• You must not permit others to use your account. You are responsible for maintaining the secrecy of your password and for changing it regularly.
  • Some minimal standard of personal behavior is expected of all computer account users. Sending obscene or offensive messages through computer mail is in poor taste and is forbidden.
  • You must not damage or attempt to damage systems or data.
  • You must not access or attempt to access systems or data that you are not authorized to access. This includes plagiarizing your colleagues' work.
  • Learn about the limitations and strengths of computer system security. Know how to use system security features to verify that others cannot plagiarize your work.
  • Help identify cheaters and malicious users. Talk to your TA, professor or the lab manager. Reports will be held confidential and will be independently verified.

Violations are handled by the CS&E department. Violators will lose their computer accounts and may receive an F in their class. Further, violators will be subject to (1) disciplinary action under Regents regulations, and (2) prosecution under the Minnesota Computer Crime Statutes. As with any criminal matter, such prosecution is handled by officials of the justice system and, once initiated, is not within the direct control of the University.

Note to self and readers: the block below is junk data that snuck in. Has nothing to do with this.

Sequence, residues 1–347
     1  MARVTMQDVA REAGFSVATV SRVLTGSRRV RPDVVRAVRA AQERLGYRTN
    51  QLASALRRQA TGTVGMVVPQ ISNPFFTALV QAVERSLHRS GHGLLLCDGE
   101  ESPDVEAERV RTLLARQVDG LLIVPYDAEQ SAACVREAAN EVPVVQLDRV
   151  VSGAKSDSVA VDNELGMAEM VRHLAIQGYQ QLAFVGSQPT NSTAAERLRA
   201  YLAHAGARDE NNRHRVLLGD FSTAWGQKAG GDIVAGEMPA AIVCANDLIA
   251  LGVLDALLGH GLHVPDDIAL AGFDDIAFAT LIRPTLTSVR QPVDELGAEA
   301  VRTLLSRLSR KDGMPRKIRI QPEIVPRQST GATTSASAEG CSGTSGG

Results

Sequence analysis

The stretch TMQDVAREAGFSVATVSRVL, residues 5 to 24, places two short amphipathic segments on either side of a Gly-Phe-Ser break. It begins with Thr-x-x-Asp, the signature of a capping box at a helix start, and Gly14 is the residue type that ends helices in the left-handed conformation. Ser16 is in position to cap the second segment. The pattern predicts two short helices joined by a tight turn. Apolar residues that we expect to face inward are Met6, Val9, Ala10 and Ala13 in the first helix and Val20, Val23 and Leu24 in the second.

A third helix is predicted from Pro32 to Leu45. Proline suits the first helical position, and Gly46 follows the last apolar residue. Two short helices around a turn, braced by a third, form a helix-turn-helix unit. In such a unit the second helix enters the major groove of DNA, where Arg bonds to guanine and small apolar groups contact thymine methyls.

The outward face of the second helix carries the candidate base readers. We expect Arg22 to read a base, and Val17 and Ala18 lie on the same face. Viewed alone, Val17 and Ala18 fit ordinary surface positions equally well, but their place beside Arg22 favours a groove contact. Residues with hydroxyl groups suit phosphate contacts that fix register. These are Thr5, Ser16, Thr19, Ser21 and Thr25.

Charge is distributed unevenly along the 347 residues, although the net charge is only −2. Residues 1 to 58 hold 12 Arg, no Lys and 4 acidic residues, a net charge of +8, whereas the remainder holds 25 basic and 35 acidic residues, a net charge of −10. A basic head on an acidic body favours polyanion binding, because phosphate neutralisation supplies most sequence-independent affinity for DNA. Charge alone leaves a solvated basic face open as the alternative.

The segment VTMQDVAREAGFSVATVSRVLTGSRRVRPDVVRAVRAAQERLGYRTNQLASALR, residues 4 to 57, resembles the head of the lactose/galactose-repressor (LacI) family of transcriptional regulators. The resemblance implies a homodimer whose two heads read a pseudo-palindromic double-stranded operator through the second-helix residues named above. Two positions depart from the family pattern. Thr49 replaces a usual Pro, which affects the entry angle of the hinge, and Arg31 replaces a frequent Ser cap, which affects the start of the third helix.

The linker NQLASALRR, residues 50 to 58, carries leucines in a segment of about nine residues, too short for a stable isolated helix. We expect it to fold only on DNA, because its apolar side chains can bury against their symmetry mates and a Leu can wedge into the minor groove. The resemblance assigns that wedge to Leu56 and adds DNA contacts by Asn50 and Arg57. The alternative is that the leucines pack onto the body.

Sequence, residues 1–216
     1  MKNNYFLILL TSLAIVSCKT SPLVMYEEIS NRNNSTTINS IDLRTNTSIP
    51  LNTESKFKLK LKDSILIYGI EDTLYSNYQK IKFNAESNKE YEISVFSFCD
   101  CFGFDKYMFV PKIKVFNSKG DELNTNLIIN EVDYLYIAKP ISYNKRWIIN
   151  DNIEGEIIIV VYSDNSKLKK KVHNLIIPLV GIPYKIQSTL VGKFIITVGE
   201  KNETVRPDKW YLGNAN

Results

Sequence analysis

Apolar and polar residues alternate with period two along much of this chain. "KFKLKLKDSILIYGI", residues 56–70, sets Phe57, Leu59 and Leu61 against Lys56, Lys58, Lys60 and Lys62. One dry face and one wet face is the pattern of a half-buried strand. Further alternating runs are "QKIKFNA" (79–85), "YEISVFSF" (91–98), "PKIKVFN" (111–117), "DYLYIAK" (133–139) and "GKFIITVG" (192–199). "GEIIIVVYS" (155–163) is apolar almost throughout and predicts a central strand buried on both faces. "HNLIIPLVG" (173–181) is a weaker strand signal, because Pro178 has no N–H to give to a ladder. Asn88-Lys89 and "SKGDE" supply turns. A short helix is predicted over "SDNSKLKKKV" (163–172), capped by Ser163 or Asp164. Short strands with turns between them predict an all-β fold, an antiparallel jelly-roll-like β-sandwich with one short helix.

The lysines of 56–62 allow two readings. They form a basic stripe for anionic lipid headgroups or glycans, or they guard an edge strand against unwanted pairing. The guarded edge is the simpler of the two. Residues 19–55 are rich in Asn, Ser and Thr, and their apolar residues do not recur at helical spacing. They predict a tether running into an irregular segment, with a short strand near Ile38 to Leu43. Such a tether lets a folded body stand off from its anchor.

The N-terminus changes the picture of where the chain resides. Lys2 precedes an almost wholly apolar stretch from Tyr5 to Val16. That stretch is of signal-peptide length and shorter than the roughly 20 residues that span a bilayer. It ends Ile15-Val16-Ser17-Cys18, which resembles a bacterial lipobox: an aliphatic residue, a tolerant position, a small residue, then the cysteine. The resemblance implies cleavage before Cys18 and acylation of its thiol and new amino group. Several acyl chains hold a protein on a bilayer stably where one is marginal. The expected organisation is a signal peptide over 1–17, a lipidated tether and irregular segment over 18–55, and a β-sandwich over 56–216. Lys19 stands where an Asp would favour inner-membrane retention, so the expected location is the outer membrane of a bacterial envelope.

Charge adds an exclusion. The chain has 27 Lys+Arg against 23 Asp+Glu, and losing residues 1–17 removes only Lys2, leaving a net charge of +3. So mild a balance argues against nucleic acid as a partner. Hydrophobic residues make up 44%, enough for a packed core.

16. Student Opportunities

The University and the department offer a wide range of opportunities for Computer Science students. Students are encouraged to try new activities and get involved. These activities help students explore their interests, look great on resumes and graduate school applications, and provide important ways to learn about computer science and related fields.

16.1. Scholarships